Greek Festival Has Successful Weekend
From Issue: Volume XXI - Number 18
By Carin Merritt
A defining part of Long Beach is its affluent diversity of culture and its on-going celebrations of it. Among various influences, the Greek culture has left a positive impact on the city for years.
Now, 64 years after the very first Greek cultural event showcased, Long Beach has opened the doors to a cultural experience, yet again, for the longest running Greek Festival in California’s history.
Labor Day weekend, the Assumption of the Blessed Virgin Mary, Greek Orthodox Church hosted the Long Beach Greek Festival, inundating guests with the sounds of live, energetic folk music, the smells of home-made traditional Greek dishes, and the sights of local shopping and Greek crafts available for purchase.
Even under the extreme heat hitting Southern California this past week, the Greek Orthodox Church and its volunteers forged ahead and transformed Colorado St. August 31 and Sept. 1st and 2nd into a laid-back, blue and white themed Greek Isle inspired arena.
The event was well put-together and made easily accessible for locals and tourists alike. Free shuttles were provided from Cal State Long Beach to the event so attendees did not have to worry about parking. The entrance fee was only $3 per person.
Upon entering, energetic staff manned booths upon booths of fresh, warm and savory dishes including calamari, Souvlaki and gyros with tzaziki sauce. Beer and wine was provided as well as the licorice flavored liqueur, Ouzo. The event was family friendly, including carnival rides as an activity.
“This is one of my favorite festivals to attend every year,” said one local. “There’s so much great food to try and the vibe is just happy and fun. Plus, the event supports our community and everyone of all ages.”
Some of these community members exhibiting positive roles are the Maids of Athena, a junior order of AHEPA. According to the festival newspaper, “The Maids of Athena is dedicated to promoting Hellenism by strengthening the Greek culture through educational and artistic activities. We take great pride in our sponsorship of philanthropic activities, leadership conferences, scholarship programs, travel opportunities, the arts, athletic tournaments and social functions.”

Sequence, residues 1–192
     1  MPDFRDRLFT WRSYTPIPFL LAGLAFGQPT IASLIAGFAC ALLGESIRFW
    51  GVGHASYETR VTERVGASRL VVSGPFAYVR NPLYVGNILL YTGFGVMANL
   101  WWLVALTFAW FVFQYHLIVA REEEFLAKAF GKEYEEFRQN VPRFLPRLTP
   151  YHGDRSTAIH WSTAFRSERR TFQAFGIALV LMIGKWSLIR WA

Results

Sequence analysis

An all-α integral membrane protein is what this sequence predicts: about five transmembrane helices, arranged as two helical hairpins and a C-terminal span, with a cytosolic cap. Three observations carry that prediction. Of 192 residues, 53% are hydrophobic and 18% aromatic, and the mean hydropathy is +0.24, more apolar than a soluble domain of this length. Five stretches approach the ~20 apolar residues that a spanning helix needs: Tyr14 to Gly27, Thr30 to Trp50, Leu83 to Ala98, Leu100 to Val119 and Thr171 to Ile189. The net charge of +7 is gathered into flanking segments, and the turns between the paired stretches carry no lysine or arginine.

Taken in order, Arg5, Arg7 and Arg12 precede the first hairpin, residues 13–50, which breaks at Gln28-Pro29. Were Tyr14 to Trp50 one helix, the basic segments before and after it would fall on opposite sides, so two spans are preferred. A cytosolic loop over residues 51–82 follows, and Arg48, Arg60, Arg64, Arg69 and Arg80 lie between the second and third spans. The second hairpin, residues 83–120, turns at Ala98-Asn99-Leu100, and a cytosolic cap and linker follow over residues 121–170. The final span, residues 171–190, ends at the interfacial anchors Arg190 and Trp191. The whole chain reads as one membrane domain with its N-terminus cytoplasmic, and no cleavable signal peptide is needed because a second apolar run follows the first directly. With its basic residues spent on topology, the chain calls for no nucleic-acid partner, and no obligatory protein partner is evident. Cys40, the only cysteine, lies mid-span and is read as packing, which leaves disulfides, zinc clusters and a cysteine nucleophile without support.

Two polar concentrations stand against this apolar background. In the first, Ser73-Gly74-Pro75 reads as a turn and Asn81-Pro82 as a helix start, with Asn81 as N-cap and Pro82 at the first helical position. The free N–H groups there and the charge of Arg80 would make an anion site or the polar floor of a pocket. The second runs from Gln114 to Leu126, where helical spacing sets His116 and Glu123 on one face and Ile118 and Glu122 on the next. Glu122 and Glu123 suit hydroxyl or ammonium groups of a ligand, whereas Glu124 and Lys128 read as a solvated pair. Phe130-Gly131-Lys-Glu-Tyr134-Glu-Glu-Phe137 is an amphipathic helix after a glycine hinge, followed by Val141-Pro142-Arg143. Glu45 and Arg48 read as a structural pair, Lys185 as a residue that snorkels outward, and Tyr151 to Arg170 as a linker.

These social functions include the annual Long Beach Greek Festival. Dancers from the Cultural Arts and Dance School, encompassing seven dance groups, performed for the crowd with participants ranging from age four to 18.
The event also showcased travel videos, church tours, music by the Olympians, cooking demonstrations and dance lessons. An indoor dining room was provided as an option -buffet style- including ‘ala carte’ items or combination dinners. The Hercules Platter, a family style deal, included a ¼ roasted chicken, two pieces of roast lamb, rice, briami, Greek peas, tiropita, spanakopita, dolmades, small Greek dinner salad and bread rolls.
This is a momentous year for the church, after years of waiting for enough fundraiser and donation money, construction was completed for the third and final building of the Assumption Church Complex on Colorado Street. This is the first year the festival is being held, under the guidance of Father Kanakis and Festival Chairman, Dino Syrengelas, after the completion of this project.
For more information on the Assumption of the Blessed Mary Greek Orthodox Church and the Long Beach Greek festival, visit lbgreekfest.org or call (562) 494-8929.